“Uncertainties modeling of environmental noise predictions – Application to wind turbine noise”

PhD three-year fixed-term contract

Deadline for applying: April 8, 2016

PhD starting: Autumn, 2016

Description of the PhD project

The French legislation (Noise Law 1992) requires the realization of noise assessment studies and of noise maps. Nowadays that implies to use numerical simulations, but very little information or methodologies are available to assess the uncertainties associated with these simulations. Without this information, it is very difficult to estimate the degree of confidence that can be placed on a sound prediction, or the risk that real noise levels exceed the calculated sound levels. Nowadays, an engineering company on sound, an industry, or a government office are not able to assess the risk of noise annoyance satisfactorily. This is particularly the case for the prediction of wind turbine noise. Uncertainties of sound simulations have two main sources. The first comes from the lack of precision of models or of prediction methods used, especially when several models are linked or coupled together (e.g. transmission / propagation, micrometeorology / acoustic, etc.). The second comes from the uncertainty of the input parameters of a model, which can be related to the experimental method used to characterize these parameters, or to spatial or temporal variability of these parameters (soil, wind …). While acoustic modeling tools have been greatly improved in recent years, few studies have focused on the estimation of uncertainties associated with the chaining of models and their numerous input parameters. Existing work only treat a few special cases and does not take into account the specificity of wind turbine (significant height of sources, movement of blades…). But today there is a major challenge to estimate the accuracy and representativeness (spatial and temporal) of environmental sound level. This thesis therefore appears to be both innovative in the community of environmental acoustics, and as needed on the control of environmental impacts by humans.

The prediction of variability (deterministic and random) of predicted sound levels require (i) to refine the models, (ii) to estimate the fluctuations of all input data, (iii) to achieve an optimized digital experience plan and (iv) to use advanced modeling for the propagation of uncertainty and sensitivity analysis techniques for complex systems (metamodel, Kriging, screening, etc.). The ultimate goal is to achieve a method by which an acoustician could assess more accurately the uncertainties of the entire modeling chain due to deterministic and random variability uncertainties influential parameters: wind farm operating modes, micrometeorological characteristics (stability and atmospheric turbulence), ground acoustic properties (acoustic impedance), digital terrain model, surface roughness (spatial spectrum), etc. The thesis will allow both a better understanding of the relative influence of environmental parameters and their impact on the noise levels close to a wind farm neighborhood. It will also The French Institute of Science and Technology for Transport, Development and Networks Centre for expertise and engineering on risks, urban and country planning, environnement and mobility provide a method for estimating the uncertainties due to the spatial and temporal variability of these parameters on an acoustic prediction. It will allow a better estimate of the risk of noise to which a population can be exposed. The thesis will also improve outdoor sound propagation models. Uncertainty propagation methods and chaining of models are problems present in many areas of science; the methods used and the results obtained will then have a broader scope than that of the noise impact of wind farms. For example, the methods and tools developed as part of this thesis will be used for the validation and development of future digital engineering models for the prediction of environmental noise (urban noise, transport, industry, etc.). These methods and tools will also contribute to provide useful information for standardization working groups in environmental acoustics.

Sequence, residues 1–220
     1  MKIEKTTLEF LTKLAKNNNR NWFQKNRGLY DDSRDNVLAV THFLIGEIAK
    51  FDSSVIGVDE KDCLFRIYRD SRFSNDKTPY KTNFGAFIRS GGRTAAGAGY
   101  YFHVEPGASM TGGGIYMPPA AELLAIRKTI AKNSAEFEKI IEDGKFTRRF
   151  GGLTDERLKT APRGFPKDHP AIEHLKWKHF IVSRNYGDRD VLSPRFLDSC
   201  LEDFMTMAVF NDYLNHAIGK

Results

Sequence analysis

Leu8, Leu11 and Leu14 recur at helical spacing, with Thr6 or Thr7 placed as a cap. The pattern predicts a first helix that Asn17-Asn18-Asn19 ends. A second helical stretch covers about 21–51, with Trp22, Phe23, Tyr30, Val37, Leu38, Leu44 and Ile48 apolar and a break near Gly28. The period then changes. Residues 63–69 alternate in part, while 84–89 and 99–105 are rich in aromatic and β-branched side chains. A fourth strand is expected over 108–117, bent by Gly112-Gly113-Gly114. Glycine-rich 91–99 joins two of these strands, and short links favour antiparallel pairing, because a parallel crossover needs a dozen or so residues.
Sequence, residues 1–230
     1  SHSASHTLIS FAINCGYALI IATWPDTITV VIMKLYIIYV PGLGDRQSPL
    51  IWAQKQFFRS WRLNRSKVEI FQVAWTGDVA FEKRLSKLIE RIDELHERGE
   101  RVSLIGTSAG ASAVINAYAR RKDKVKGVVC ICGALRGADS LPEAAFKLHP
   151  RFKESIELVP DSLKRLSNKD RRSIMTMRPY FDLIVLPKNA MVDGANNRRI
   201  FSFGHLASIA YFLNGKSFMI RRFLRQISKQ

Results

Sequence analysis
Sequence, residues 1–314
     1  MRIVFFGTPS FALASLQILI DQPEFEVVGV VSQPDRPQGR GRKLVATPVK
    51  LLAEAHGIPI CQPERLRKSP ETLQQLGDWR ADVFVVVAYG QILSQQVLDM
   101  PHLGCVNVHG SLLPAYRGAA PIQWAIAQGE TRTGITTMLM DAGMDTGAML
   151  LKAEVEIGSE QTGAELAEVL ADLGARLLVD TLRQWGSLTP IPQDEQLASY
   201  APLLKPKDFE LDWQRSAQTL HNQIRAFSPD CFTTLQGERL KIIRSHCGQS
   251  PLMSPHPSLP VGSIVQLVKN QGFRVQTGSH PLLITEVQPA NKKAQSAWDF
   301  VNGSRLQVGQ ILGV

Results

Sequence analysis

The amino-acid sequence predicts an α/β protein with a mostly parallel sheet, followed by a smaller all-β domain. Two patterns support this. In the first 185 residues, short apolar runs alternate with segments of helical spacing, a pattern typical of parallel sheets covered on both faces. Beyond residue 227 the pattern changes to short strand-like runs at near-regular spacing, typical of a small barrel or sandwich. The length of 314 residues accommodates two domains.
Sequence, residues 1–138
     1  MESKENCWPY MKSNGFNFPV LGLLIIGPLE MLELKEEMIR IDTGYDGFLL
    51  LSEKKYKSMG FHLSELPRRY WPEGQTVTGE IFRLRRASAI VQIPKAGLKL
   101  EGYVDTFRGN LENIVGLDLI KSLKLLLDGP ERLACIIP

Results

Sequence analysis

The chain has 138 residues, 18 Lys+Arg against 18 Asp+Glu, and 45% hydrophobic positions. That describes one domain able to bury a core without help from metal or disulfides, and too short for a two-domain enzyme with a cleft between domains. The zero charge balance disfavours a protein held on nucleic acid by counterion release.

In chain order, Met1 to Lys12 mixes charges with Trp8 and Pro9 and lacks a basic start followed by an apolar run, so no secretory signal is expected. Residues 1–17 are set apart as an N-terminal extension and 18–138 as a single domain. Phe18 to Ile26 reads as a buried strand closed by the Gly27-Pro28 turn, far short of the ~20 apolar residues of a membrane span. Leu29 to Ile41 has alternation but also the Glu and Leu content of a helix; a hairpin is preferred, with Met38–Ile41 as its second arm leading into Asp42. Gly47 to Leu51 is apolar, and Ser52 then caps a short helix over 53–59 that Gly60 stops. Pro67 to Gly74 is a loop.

Desired skills

The candidate have strong acoustic skills and bases in numerical simulation. Skills in programming skills or in statistics would be a plus.

Oral and written fluency English is required. Oral and written fluency in French is a plus.

PhD information

  • Employee : Cerema or Ifsttar1 , three-year fixed-term contract from autumn 2016 to autumn 2019.
  • Remuneration : 1420€ the first two years (increased the 3rd year).
  • Doctoral school : SPIGA (ED498)
  • Hosting research teams : the PhD student will work at the Environmental Acoustic Lab. of Ifsttar in Nantes, and at the research team in acoustics of Cerema in Strasbourg, according to terms that will be defined before the beginning of the PhD

PhD supervisors

  • PhD director: Benoit Gauvreau (CR-HDR), Ifsttar, Laboratoire d’Acoustique Environnementale (benoit.gauvreau@ifsttar.fr, tel 33 (0)2 40 84 58 98)
  • PhD co-director: David Ecotière (ITPE-Cesaar), Cerema, Acoustic team of the Cerema laboratory of Strasbourg (david.ecotiere@cerema.fr, tel 33 (0)3 88 77 79 33).

To apply for this position

People who want to apply for this PhD are requested to contact PhD supervisors and to send by email before April 8, 2016 the following documents:

  • Curriculum Vitae
  • Copy of passport
  • Copy of last completed degree (and transcript)
  • Letter of motivation
  • Letter of recommendation

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